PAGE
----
Students at Georgetown University in Qatar (GU-Q) have been tackling the challenge of food waste by introducing their campus community to 'upcycling', aimed at raising awareness by using the school cafeteria to stage sustainable solutions.
The project has been launched by the GU-Q Sustainability Club through a collaboration with Qatar Upcycling & Biodegradables Enterprise (QUBE), an environmental technologies company that offers on-site mobile units that turn food waste into compost.
"Upcycling is the process of transforming waste into new materials of better quality or use," explained Salma Hassan, president of the Sustainability Club.
Upcycling should not be confused with recycling, she cautioned. At GU-Q, she noted that having the machine on campus “sparked important conversations within students and staff on the importance of reducing our consumption as well as finding solutions for our food waste.”
Food waste is a huge concern for Qatar, with studies showing that over half of the nation’s garbage is composed of food waste, according to a GU-Q statement. This is particularly critical for a country that imports so much of its food resources.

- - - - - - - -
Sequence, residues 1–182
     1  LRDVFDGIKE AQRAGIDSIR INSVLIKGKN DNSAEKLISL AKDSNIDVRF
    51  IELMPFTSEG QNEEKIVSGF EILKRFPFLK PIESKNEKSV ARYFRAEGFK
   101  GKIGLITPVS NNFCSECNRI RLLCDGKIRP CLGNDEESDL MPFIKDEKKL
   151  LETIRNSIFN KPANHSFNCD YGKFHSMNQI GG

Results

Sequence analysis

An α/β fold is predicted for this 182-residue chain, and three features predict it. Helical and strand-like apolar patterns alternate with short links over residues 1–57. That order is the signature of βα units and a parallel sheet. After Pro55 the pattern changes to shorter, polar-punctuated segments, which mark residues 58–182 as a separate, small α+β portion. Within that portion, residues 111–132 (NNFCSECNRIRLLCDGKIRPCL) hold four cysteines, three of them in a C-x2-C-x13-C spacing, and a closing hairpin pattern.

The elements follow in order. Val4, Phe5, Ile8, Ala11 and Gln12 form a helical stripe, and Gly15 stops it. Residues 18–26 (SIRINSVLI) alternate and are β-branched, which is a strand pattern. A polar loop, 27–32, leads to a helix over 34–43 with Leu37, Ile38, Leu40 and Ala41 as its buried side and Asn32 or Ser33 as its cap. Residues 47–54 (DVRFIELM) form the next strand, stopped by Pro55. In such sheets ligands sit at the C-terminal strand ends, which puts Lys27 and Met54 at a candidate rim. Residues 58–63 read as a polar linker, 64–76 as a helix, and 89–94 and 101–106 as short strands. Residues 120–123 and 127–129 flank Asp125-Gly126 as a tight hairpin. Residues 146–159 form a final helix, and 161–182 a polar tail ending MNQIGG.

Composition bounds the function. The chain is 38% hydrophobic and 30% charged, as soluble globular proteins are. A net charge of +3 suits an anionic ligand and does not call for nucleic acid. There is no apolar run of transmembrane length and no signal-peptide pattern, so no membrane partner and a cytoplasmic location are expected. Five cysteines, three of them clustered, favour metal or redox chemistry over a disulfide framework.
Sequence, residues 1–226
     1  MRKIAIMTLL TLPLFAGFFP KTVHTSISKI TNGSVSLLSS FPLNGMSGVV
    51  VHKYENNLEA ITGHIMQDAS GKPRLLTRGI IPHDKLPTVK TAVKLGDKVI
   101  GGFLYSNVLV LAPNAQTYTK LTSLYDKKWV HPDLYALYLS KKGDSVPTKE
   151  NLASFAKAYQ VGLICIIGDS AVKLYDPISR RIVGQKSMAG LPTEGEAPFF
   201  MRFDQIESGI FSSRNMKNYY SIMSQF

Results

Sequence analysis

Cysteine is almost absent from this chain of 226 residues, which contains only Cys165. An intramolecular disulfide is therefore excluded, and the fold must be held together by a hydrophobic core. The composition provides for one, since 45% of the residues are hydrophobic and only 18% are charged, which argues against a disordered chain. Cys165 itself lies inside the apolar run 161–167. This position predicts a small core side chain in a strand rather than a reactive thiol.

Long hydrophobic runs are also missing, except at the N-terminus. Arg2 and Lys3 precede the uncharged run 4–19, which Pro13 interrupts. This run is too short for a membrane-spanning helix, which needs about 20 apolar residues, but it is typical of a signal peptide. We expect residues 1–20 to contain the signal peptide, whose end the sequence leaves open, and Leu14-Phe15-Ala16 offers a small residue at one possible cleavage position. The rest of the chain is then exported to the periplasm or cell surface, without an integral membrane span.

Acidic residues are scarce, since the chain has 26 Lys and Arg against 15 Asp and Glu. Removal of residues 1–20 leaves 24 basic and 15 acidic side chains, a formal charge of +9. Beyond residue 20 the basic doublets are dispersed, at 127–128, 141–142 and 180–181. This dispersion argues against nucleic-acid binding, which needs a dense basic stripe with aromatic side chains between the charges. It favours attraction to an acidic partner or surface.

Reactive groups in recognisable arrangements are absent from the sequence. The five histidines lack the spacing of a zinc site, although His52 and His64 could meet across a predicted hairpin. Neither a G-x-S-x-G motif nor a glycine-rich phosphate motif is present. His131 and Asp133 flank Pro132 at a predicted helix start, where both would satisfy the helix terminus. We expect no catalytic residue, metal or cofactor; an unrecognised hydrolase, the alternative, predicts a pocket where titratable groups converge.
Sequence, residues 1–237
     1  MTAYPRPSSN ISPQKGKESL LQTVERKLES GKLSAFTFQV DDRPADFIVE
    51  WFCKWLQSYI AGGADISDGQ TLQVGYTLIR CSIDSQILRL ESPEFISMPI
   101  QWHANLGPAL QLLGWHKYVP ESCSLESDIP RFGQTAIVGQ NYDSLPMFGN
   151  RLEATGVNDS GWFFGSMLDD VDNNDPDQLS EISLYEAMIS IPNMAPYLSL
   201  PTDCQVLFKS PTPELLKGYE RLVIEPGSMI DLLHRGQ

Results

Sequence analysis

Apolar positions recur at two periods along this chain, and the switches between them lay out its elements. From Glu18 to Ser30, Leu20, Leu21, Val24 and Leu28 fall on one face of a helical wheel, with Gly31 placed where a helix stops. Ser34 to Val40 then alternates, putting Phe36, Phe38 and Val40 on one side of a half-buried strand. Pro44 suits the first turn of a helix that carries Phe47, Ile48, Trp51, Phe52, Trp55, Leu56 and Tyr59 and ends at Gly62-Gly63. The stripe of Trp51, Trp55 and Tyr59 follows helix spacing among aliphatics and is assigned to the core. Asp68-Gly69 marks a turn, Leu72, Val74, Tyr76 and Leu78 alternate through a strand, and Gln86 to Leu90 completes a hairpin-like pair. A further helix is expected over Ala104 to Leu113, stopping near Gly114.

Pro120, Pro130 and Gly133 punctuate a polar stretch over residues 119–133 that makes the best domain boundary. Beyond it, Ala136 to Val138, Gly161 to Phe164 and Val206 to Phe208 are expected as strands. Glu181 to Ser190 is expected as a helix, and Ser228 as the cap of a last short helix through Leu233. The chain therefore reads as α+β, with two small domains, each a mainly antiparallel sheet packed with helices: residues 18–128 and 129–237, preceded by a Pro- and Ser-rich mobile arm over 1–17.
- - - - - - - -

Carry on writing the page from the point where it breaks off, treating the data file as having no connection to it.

For nine days, club members volunteered their time to collect food waste from the cafeteria to deposit into the QUBE machine, which turned the food waste into soil in just 24 hours, reducing food waste by 90%. Throughout the duration of the collaboration, 223kg of food waste was converted into nutrient rich soil that was used to feed plants on the grounds of the university.
Nodoka Nakamichi, co-founder and director for Marketing and Public Relations of QUBE said, “This was a great collaboration which allowed us to work together with GU-Q students who were eager to learn about the machine and upcycling. We felt that an awareness regarding reducing carbon footprint through composting was raised.” The Education City community was also invited to participate and to support the initiative by visiting GU-Q to see the machine in action.
The collaboration is in line with GU-Q’s commitment to food security and environmental sustainability, which was also demonstrated through the university’s pioneering research on food waste in Qatar under the 3-year SAFE-Q project (NPRP 7-1103-5-156) funded by the Qatar National Research Fund.